Making the Move
Considerations when relocating your company.
By Cleve Clinton
If you are considering moving your company from another state to jobs-friendly Texas, here are some of the most important legal considerations that might affect such a relocation.
Company Entity—You have three options when it comes
to classifying, structuring, and operating your company:
1. Continue—You can maintain your company in the state where it was formed and register as a foreign entity doing business in Texas, undertaking foreign qualification. However, if you keep both entities, you will pay duplicative annual report and/or franchise taxes, and tax filings can sometimes be complicated for the entity and its owners. If you incorporated in Delaware or Nevada, you were probably foreign qualified in your current state. You can eliminate your current state and register as a foreign entity in Texas.
2. Liquidate—You can liquidate your company in the old state and form a new entity in Texas. This may result in federal tax issues if you have a C corporation, which is taxed separately from its owners, but this is unlikely if you have a limited liability company. For any corporate entity, there are state-mandated formalities if you dissolve your business, depending upon the state where this is done, often requiring document preparation (dissolution papers) as well as filing and paying any outstanding taxes and dissolution fees.
3. Reorganize—You can undergo a reorganization, forming an entity in Texas and merging the old company into the new. This can be done entirely tax-free for a C corporation.
1. Contracts—Because your legal jurisdiction is now in Texas, it makes sense for your documents to refer to Texas law. Texas law treats at least some contract provisions differently. Review and update your legal documents, both those that deal with your customers and with your vendors. Many aspects of your employee handbook, whether it is based on information from the internet or is tailored to suit your company, will need to be different in Texas. There are many free easy-to-understand employee handbooks online.
Update Your Address
1. Federal government—The IRS requires no changes to information such as your employer ID number, but you must complete Form 8822, Change of Address (Part II), and designate if you are changing only the mailing address or are also changing notifications for business income, excise, employment, and other tax matters.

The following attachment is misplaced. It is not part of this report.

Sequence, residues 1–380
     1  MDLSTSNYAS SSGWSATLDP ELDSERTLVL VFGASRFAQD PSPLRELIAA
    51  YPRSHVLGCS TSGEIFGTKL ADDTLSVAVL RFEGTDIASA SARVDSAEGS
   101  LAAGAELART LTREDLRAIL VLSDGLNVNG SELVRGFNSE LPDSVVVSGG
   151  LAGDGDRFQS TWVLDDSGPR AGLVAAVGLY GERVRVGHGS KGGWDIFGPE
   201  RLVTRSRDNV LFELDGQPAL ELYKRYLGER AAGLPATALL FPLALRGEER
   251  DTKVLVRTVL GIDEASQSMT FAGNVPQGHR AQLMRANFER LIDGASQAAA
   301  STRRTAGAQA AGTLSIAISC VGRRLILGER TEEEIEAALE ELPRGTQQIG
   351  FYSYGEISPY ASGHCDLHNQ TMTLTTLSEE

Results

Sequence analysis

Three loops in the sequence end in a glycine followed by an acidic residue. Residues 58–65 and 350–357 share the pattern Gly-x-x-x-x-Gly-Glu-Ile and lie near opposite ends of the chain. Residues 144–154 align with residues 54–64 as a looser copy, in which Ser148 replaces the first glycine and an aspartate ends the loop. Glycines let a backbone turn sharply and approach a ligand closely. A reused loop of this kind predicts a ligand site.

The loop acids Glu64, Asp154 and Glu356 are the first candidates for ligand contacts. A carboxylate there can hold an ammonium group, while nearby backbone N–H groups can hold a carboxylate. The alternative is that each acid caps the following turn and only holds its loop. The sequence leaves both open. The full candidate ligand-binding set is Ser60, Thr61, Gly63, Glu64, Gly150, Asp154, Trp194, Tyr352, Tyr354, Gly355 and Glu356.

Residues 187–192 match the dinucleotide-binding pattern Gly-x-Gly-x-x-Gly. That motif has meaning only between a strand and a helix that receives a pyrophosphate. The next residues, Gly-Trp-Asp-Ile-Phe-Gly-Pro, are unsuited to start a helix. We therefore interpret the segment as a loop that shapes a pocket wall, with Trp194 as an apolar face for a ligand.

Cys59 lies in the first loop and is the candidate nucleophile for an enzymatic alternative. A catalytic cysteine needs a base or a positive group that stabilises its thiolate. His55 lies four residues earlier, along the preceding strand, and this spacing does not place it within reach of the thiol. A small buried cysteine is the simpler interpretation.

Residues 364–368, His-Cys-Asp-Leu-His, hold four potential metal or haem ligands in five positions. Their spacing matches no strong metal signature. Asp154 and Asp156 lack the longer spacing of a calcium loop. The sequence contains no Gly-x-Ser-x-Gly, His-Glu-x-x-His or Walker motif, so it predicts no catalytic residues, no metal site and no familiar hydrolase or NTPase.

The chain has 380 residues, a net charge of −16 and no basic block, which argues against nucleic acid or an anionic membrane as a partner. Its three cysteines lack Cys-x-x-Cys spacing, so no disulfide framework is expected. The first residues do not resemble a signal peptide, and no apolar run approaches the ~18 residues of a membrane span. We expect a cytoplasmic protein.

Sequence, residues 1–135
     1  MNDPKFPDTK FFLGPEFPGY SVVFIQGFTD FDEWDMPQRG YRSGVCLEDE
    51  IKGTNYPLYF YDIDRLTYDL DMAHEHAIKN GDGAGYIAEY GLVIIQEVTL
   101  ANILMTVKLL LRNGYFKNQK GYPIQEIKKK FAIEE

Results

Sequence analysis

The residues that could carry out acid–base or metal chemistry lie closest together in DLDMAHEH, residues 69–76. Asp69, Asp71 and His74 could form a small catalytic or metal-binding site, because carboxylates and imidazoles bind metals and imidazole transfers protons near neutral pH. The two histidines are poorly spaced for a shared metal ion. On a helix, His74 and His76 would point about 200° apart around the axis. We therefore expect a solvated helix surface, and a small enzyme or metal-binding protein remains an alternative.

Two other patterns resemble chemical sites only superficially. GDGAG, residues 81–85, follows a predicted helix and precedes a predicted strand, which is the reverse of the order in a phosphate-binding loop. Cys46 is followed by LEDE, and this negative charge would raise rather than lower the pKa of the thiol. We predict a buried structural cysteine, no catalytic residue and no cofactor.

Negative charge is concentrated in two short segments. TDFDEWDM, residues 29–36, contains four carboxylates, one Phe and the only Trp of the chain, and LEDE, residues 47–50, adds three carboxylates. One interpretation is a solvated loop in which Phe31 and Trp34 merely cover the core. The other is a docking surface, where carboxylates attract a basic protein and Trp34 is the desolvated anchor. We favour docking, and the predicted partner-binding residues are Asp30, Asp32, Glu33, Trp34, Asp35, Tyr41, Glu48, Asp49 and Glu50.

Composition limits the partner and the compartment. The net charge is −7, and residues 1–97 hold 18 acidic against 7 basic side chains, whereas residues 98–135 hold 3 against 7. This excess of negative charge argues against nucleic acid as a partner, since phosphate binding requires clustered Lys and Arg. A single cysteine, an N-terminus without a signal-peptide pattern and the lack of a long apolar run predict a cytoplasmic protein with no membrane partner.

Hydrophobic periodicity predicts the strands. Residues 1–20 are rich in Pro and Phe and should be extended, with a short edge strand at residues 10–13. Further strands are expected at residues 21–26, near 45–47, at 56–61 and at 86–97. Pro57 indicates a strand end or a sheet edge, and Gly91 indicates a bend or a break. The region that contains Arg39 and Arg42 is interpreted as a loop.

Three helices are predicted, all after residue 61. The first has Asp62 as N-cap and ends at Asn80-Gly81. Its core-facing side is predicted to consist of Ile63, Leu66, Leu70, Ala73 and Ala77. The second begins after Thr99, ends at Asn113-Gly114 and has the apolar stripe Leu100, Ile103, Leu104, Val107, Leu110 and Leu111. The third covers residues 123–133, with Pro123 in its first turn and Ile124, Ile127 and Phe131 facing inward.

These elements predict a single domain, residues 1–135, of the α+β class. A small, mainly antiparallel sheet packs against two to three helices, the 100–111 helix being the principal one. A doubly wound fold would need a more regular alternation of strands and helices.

2. State government—The Texas Secretary of State requires companies to register to do business in Texas, which will perhaps necessitate amending documents, like the articles of incorporation for a corporation or the articles of organization for a limited liability company, and notification of any address change. If you elect to be organized in one state and registered to do business in another, you must maintain registered agents in each state and complete each state’s filing and reporting requirements.
3. Marketing materials—Update your website, email marketing templates, email signature, business cards, and social media accounts.
4. Online—Change your physical address as listed on your website, Google Places, Yelp, Bing Places, and any other search engines you’ve registered your business with.
5. Automatic payment accounts—When your address changes at your credit card company or bank, all online auto-charges to your business credit card will stop until the address is updated.
Becoming a Texan
1. Wills and estates—Because Texas is a community property state, the law affects your current estate plans very differently. It may also impact your legal rights and obligations in other life changes, such as a divorce and your children becoming adults since your last will update.
2. Texas driver’s license and vehicle registration—Update your local address within 30 days of your move.
3. Voter registration—Notify the county voter registrar.
4. Insurance and credit cards—Notify your agent and issuer.
5. Safe-deposit box—Have you inventoried or updated your safe-deposit documents lately?
If you are moving your business across the United States, it’s time to check up on your company structure, your contracts, your internet presence, and the records affecting rights and privileges in your personal life.TBJ
This article was previously published on tiltingthe scales.com. It has been edited and is reprinted with permission.
|CLEVE CLINTON a shareholder in Gray Reed & McGraw, is certified in civil trial law by the Texas Board of Legal Specialization. He has an affinity for closely held businesses and their principals—risk takers who plan big, dare big, and often find themselves in big trouble. Clinton offers practical insights and a little humor on his business law blog, tiltingthescales.com.|